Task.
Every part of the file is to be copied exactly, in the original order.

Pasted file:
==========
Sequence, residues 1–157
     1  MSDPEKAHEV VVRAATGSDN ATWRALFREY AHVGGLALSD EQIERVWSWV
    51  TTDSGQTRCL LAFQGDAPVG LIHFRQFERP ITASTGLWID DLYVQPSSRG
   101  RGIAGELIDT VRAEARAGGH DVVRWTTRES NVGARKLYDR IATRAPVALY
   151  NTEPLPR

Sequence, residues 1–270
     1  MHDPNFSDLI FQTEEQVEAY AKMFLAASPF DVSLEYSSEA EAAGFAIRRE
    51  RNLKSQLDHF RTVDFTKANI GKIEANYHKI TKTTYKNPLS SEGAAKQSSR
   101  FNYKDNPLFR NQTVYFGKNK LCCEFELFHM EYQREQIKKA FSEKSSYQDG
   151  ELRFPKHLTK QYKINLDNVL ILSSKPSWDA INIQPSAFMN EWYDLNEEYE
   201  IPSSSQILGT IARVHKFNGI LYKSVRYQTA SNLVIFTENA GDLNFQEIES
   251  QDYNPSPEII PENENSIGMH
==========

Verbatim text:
Sequence, residues 1–157
     1  MSDPEKAHEV VVRAATGSDN ATWRALFREY AHVGGLALSD EQIERVWSWV
    51  TTDSGQTRCL LAFQGDAPVG LIHFRQFERP ITASTGLWID DLYVQPSSRG
   101  RGIAGELIDT VRAEARAGGH DVVRWTTRES NVGARKLYDR IATRAPVALY
   151  NTEPLPR

Sequence, residues 1–270
     1  MHDPNFSDLI FQTEEQVEAY AKMFLAASPF DVSLEYSSEA EAAGFAIRRE
    51  RNLKSQLDHF RTVDFTKANI GKIEANYHKI TKTTYKNPLS SEGAAKQSSR
   101  FNYKDNPLFR NQTVYFGKNK LCCEFELFHM EYQREQIKKA FSEKSSYQDG
   151  ELRFPKHLTK QYKINLDNVL ILSSKPSWDA INIQPSAFMN EWYDLNEEYE
   201  IPSSSQILGT IARVHKFNGI LYKSVRYQTA SNLVIFTENA GDLNFQEIES
   251  QDYNPSPEII PENENSIGMH